Fiction – paperback; Penguin Modern Classics; 187 pages; 2000.
The late John Wyndham is probably best known for his science fiction classic The Day of the Triffids, a post apocalyptic novel in which the world gets overtaken by carnivorous three-legged plants. But it’s The Chrysalids, published four years later, in 1955, which most Wyndham fans say is his best.
I read all his major novels (there are seven) when I was in my teens and loved them with a kind of evangelical devotion, but how would this one stack up more than 20 years later?
Strangely enough I had forgotten so much of the detail of The Chrysalids I began to wonder whether I’d actually read it before. It felt very fresh, very new and, surprisingly, very modern.
The setting is typical Wyndham fare: a post-apocalyptic world a few thousands years in the future. But in this case society has regressed to the point of living a rather primitive frontier-like existence reminiscent of 18th century pastoral America. There is no technology here, no cars, no electricity. The houses are basic, constructed of wood with thatched roofs and whitewashed walls, and everyone works hard to provide a stable supply of stock and crops.
But all is not as it seems. This is a society obsessed with fundamental Christianity to the point where anyone not born in the true Image of God is regarded as a blasphemy to be dispatched at birth or condemned to live in the Fringes, a wild untamed area where other rejected “humans” roam. Even the crops are carefully monitored to ensure they do not deviate from the norm; whole fields are burnt if the plants do not look right. And if anyone has any doubts as to whether a particular plant or human is abnormal, there’s an inspector to play judge, jury and executioner.
The story is narrated by David, the 10-year-old son of the local religious leader, who is indoctrinated to “watch thou for the mutant!” and “keep pure the stock of the lord” amongst others. But when David befriends Sophie, a girl hiding the fact that she has six toes on each foot, he begins to question his religious upbringing.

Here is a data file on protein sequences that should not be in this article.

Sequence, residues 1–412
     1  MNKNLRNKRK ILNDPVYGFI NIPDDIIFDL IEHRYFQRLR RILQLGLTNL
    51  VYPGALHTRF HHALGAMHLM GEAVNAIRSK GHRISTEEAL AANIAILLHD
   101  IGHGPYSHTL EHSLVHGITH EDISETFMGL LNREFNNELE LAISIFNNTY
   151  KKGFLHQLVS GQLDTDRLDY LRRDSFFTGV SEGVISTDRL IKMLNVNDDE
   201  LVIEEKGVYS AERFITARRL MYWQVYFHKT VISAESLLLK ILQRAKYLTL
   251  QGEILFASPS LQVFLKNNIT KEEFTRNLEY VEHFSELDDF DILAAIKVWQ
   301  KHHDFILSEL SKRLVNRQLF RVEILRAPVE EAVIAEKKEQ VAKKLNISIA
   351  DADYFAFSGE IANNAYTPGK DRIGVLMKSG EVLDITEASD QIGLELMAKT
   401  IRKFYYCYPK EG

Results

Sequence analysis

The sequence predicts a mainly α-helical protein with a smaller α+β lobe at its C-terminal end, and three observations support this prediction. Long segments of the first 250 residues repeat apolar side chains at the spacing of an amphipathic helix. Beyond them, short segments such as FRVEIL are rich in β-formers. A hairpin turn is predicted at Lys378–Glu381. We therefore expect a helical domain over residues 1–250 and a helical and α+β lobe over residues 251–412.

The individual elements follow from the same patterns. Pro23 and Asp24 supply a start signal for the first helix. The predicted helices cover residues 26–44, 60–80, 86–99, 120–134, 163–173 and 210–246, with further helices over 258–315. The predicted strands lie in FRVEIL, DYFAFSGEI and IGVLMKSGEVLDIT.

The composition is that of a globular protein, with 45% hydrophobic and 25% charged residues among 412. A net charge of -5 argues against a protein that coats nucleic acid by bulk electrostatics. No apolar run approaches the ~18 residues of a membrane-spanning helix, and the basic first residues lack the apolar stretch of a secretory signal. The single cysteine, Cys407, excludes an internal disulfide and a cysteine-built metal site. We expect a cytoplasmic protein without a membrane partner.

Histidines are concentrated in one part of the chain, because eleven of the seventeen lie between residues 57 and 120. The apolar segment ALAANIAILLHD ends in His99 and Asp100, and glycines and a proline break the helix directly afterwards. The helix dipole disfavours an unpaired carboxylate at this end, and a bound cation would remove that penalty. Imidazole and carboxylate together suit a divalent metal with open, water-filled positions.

Later, when David realises that he has a rare talent for telepathic communication with his half-cousin Rosalind and several other children, he realises that perhaps he, too, is a deviant, and is careful to hide his ability. This group manages to avoid exposure for several years, but then two factors threaten to “out” them: one of the group marries a normal person, and David’s baby sister, Petra, discovers that her telepathic ability is so strong that she can communicate with a woman from a more technologically advanced society.
I don’t want to provide any plot spoilers, so I’ll refrain from telling you any more about the narrative, but it’s an exciting one, a kind of weird blend between boy’s own adventure story and literary thriller.
Despite being written more than 50 years ago the story seems incredibly relevant to our modern-day obsession with appearance and genetic modification, although, as John Harrison points out in the introduction to this edition, it’s clearly a novel of the 1950s, when “molecular biologists were unwinding the DNA spiral; the new science of radio astronomy had filled the sky with invisible objects; quantum physicists were able to reveal that God does, after all, play dice with the universe” and everyone was living in the shadow of the hydrogen bomb.
The Chrysalids is a wonderful, intelligent read, and I’m glad I took the time to reacquaint myself with it. If you’ve not read any Wyndham before then this is the place to start…